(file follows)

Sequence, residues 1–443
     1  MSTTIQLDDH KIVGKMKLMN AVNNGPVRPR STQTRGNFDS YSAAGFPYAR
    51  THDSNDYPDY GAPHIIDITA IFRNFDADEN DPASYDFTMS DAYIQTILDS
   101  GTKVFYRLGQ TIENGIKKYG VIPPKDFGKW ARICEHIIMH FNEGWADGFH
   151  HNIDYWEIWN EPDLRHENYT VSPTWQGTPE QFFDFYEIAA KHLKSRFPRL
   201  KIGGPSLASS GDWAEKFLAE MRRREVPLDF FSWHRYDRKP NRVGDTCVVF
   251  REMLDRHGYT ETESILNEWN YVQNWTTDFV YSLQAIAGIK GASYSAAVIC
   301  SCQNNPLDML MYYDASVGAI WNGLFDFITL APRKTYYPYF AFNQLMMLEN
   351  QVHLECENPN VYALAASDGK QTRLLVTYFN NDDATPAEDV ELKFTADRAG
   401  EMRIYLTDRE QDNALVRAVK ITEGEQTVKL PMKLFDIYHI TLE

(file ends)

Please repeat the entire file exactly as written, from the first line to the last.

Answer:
Sequence, residues 1–443
     1  MSTTIQLDDH KIVGKMKLMN AVNNGPVRPR STQTRGNFDS YSAAGFPYAR
    51  THDSNDYPDY GAPHIIDITA IFRNFDADEN DPASYDFTMS DAYIQTILDS
   101  GTKVFYRLGQ TIENGIKKYG VIPPKDFGKW ARICEHIIMH FNEGWADGFH
   151  HNIDYWEIWN EPDLRHENYT VSPTWQGTPE QFFDFYEIAA KHLKSRFPRL
   201  KIGGPSLASS GDWAEKFLAE MRRREVPLDF FSWHRYDRKP NRVGDTCVVF
   251  REMLDRHGYT ETESILNEWN YVQNWTTDFV YSLQAIAGIK GASYSAAVIC
   301  SCQNNPLDML MYYDASVGAI WNGLFDFITL APRKTYYPYF AFNQLMMLEN
   351  QVHLECENPN VYALAASDGK QTRLLVTYFN NDDATPAEDV ELKFTADRAG
   401  EMRIYLTDRE QDNALVRAVK ITEGEQTVKL PMKLFDIYHI TLE